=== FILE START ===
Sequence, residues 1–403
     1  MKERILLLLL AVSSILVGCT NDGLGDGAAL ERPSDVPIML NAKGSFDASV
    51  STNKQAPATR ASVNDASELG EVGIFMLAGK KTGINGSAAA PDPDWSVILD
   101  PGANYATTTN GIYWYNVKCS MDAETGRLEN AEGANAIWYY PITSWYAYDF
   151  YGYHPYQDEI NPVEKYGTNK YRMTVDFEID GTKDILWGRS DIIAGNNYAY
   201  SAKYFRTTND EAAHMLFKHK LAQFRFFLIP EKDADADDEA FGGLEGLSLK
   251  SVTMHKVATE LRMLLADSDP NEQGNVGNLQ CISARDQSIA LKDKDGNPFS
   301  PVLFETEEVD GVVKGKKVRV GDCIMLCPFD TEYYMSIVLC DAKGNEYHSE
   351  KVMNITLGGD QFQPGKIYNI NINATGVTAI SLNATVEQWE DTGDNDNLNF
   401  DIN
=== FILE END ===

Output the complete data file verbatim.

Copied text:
Sequence, residues 1–403
     1  MKERILLLLL AVSSILVGCT NDGLGDGAAL ERPSDVPIML NAKGSFDASV
    51  STNKQAPATR ASVNDASELG EVGIFMLAGK KTGINGSAAA PDPDWSVILD
   101  PGANYATTTN GIYWYNVKCS MDAETGRLEN AEGANAIWYY PITSWYAYDF
   151  YGYHPYQDEI NPVEKYGTNK YRMTVDFEID GTKDILWGRS DIIAGNNYAY
   201  SAKYFRTTND EAAHMLFKHK LAQFRFFLIP EKDADADDEA FGGLEGLSLK
   251  SVTMHKVATE LRMLLADSDP NEQGNVGNLQ CISARDQSIA LKDKDGNPFS
   301  PVLFETEEVD GVVKGKKVRV GDCIMLCPFD TEYYMSIVLC DAKGNEYHSE
   351  KVMNITLGGD QFQPGKIYNI NINATGVTAI SLNATVEQWE DTGDNDNLNF
   401  DIN